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Review: Captain Beefheart, “Hair Pie: Bake 2”

An odd intrigue.

Jasmine-Kay Johnson

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It doesn’t have the je ne sais quoi of songs from other 1969 releases, like Abbey Road by The Beatles or Say It Loud I’m Black and I’m Proud by James Brown, but “Hair Pie: Bake 2” from Captain Beefheart’s album Trout Mask Replica does have an odd intrigue about it. It makes a mess of things in the same way that a couple of people who’ve rarely picked up an instrument would.

It’s this quality, in fact, that turns the song into a car wreck you just can’t look away from. You want to see how it all ends. 

“Hair Pie: Bake 2” instantly drops listeners into the middle of the chaos. It’s busy beginning comes from guitars carrying two different tunes and hands beating lazily against what sounds like a wood slab in place of regular drums (but it isn’t). For the first twenty-ish seconds, it sounds as if novice musicians are mostly on the same page about a ragtime-adjacent song they just learned how to play, but they don’t have all the notes down quite yet. 

Then things move deeper into left field after a quick soundbite of someone mumbling; it sounds like they gave up. The tempo slows, a horn comes out of nowhere, the guitars stop playing their original melodies, and there’s random beating on the drums. Much like what would happen after someone yells “Back to the drawing board!” the musicians make this part sound like a warm-up or everyone deciding to play their own songs: look over the notes again, retune, adjust and then come back. Around the 51-second mark, the song moves into something more unified again before falling off the deep end for a second time with more mumbling, off-key instrument playing and overmodulated audio and someone blowing into the microphone.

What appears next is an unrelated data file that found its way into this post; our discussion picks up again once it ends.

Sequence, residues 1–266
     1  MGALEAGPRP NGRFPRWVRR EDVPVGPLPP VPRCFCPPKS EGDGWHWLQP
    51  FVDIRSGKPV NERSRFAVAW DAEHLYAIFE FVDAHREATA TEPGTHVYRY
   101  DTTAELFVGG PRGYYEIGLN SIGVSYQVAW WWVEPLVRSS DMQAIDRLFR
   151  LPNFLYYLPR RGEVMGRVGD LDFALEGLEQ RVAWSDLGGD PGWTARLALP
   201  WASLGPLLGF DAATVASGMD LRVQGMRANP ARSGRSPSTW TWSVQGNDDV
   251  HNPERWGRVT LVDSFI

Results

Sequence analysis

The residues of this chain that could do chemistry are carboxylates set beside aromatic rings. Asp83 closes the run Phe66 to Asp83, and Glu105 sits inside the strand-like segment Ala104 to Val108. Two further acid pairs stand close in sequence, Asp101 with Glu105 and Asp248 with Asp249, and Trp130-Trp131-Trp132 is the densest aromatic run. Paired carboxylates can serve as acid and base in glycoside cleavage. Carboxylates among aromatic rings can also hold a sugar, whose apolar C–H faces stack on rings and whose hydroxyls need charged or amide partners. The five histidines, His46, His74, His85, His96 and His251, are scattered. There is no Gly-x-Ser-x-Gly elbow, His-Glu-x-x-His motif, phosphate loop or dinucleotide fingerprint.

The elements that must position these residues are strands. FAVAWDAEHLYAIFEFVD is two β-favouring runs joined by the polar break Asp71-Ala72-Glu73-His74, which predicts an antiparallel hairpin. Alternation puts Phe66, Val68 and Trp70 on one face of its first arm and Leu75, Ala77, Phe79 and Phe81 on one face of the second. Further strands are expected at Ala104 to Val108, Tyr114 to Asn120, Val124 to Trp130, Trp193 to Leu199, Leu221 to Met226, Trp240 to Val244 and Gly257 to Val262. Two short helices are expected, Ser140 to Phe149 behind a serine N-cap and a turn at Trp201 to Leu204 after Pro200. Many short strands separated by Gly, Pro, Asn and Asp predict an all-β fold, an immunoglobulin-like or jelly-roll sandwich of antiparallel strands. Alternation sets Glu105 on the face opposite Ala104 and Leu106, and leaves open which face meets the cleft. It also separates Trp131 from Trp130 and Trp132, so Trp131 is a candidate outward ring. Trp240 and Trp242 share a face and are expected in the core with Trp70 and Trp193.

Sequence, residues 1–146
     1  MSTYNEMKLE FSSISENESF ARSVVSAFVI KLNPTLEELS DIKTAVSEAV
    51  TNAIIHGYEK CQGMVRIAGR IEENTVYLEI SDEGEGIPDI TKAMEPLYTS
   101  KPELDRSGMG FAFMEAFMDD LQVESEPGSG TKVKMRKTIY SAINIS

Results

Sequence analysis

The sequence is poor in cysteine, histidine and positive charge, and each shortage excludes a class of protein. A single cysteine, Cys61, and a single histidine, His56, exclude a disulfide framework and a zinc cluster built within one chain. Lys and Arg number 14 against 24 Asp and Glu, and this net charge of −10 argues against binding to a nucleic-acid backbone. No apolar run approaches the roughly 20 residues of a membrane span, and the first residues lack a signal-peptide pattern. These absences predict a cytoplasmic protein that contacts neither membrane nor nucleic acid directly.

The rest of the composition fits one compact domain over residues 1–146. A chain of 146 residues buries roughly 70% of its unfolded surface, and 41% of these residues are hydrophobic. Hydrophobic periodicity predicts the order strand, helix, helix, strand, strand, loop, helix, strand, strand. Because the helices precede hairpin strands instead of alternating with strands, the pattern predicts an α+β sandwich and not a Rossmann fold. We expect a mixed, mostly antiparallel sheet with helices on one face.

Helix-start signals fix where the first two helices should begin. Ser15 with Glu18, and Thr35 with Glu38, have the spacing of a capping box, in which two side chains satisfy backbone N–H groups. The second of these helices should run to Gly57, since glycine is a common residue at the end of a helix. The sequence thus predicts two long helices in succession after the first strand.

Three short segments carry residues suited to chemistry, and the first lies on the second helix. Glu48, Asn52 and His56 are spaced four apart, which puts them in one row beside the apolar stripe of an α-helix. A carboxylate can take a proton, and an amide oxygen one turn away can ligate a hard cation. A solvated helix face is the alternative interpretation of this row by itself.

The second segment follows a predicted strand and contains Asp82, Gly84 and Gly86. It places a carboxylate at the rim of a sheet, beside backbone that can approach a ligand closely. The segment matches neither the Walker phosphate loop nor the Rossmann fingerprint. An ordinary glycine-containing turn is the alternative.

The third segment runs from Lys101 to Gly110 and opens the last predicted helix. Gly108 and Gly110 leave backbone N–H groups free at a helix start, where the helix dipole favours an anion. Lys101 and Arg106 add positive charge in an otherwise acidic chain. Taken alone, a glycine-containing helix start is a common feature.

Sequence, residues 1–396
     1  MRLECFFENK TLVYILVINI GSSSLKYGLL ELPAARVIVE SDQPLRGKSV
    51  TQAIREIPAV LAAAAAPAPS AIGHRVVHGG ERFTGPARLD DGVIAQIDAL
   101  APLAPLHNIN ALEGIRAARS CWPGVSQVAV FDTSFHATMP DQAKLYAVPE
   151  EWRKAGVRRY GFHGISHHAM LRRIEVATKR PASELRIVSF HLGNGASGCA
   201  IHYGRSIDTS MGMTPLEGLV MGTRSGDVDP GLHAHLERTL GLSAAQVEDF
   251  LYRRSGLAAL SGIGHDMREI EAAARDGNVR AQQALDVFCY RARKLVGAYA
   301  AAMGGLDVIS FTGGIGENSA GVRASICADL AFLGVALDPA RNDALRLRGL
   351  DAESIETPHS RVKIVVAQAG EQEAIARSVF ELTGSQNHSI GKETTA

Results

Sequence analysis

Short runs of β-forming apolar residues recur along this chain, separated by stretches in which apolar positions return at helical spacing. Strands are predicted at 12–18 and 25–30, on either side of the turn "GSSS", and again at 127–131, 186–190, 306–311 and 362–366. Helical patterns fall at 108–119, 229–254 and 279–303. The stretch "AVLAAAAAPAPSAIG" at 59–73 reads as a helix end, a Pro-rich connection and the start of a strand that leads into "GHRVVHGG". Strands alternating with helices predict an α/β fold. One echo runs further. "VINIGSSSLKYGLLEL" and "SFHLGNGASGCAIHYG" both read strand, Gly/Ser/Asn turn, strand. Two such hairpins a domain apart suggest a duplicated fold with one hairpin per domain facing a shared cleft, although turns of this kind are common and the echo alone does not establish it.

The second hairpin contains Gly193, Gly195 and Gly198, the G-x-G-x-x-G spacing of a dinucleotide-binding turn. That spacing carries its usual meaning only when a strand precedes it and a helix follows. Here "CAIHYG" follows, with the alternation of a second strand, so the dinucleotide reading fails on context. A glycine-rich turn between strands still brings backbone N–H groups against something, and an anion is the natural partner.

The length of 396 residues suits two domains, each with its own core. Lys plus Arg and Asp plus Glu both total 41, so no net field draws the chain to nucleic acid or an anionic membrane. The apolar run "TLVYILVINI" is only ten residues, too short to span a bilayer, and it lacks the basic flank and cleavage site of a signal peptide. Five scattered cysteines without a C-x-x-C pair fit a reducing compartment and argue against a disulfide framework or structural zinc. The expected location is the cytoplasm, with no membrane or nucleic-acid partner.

“Hair Bake: Pie 2” conjures up the feeling of riding a roller coaster in the way it moves back and forth between parts that only make some sense and others that don’t make any sense at all. At around 2:27, there’s nothing left but ambient noise and an erratic horn. 

Understandably so, the album didn’t do well when in its initial release stateside, but has since been deemed an important piece of work in experimentation. David Fricke wrote in a June 2019 Rolling Stone article that Trout Mask Replica ” still sounds like a tomorrow that has not arrived, a music created at a crossroads of sound and language so far distant it continues to defy definitive summation and universal translation.”

Singer Don Van Vliet (Captain Beefheart) used the piano for much of the album’s composition, even though he had zero experience playing the instrument. This decision alone showcases the “rules”, or lack thereof, that Trout Mask Replica considered following.

People love weird and quirky things, music included. But even more than that, people love a challenge and listening to this is definitely not reminiscent of the feeling one gets while having a morning cup of coffee. It’s not traditional, structurally perfect or something you want to relax to, but that’s the supposed genius of it the song and the album. It doesn’t make sense because it wasn’t necessarily built to.

If you obsess over singers and bands, and are one of those people who make a playlist for every occasion, join CMN’s Music Journalism Course and get real-time experience, intense feedback on your writing, exposure to music industry insiders, and a great place to display build your portfolio. Get all the details on the Music Journalism Course here.

Jasmine-Kay is a senior at the University of Missouri studying journalism with an emphasis in magazine publishing and management. She is an editor for the Genius Knowledge Project and posts her own music-related writing on her website (jasmine-kayjohnson.com). Her hope is to obtain a master's in music business from NYU after undergrad.

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